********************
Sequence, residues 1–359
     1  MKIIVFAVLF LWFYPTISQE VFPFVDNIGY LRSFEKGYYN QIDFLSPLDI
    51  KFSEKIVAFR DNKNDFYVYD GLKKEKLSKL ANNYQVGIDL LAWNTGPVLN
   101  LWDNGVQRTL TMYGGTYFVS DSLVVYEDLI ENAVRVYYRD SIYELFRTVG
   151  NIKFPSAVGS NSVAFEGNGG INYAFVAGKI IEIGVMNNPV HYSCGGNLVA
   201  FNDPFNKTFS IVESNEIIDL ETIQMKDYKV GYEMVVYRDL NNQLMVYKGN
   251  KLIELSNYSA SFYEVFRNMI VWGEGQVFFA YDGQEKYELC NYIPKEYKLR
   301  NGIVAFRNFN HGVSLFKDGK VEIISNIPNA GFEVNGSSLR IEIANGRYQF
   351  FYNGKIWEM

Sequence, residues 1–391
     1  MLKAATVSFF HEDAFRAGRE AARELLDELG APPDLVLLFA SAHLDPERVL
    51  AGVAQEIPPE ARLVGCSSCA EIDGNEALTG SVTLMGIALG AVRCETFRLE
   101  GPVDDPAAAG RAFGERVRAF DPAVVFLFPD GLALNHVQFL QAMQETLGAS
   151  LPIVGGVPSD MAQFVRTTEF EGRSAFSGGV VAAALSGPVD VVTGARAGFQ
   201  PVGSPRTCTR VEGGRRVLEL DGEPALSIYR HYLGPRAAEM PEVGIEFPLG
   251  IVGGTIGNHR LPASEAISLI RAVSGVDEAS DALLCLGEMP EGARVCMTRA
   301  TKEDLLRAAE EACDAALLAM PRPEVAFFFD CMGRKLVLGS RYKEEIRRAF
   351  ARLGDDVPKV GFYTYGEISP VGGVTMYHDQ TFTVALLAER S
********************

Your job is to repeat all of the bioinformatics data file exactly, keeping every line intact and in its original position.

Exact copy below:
Sequence, residues 1–359
     1  MKIIVFAVLF LWFYPTISQE VFPFVDNIGY LRSFEKGYYN QIDFLSPLDI
    51  KFSEKIVAFR DNKNDFYVYD GLKKEKLSKL ANNYQVGIDL LAWNTGPVLN
   101  LWDNGVQRTL TMYGGTYFVS DSLVVYEDLI ENAVRVYYRD SIYELFRTVG
   151  NIKFPSAVGS NSVAFEGNGG INYAFVAGKI IEIGVMNNPV HYSCGGNLVA
   201  FNDPFNKTFS IVESNEIIDL ETIQMKDYKV GYEMVVYRDL NNQLMVYKGN
   251  KLIELSNYSA SFYEVFRNMI VWGEGQVFFA YDGQEKYELC NYIPKEYKLR
   301  NGIVAFRNFN HGVSLFKDGK VEIISNIPNA GFEVNGSSLR IEIANGRYQF
   351  FYNGKIWEM

Sequence, residues 1–391
     1  MLKAATVSFF HEDAFRAGRE AARELLDELG APPDLVLLFA SAHLDPERVL
    51  AGVAQEIPPE ARLVGCSSCA EIDGNEALTG SVTLMGIALG AVRCETFRLE
   101  GPVDDPAAAG RAFGERVRAF DPAVVFLFPD GLALNHVQFL QAMQETLGAS
   151  LPIVGGVPSD MAQFVRTTEF EGRSAFSGGV VAAALSGPVD VVTGARAGFQ
   201  PVGSPRTCTR VEGGRRVLEL DGEPALSIYR HYLGPRAAEM PEVGIEFPLG
   251  IVGGTIGNHR LPASEAISLI RAVSGVDEAS DALLCLGEMP EGARVCMTRA
   301  TKEDLLRAAE EACDAALLAM PRPEVAFFFD CMGRKLVLGS RYKEEIRRAF
   351  ARLGDDVPKV GFYTYGEISP VGGVTMYHDQ TFTVALLAER S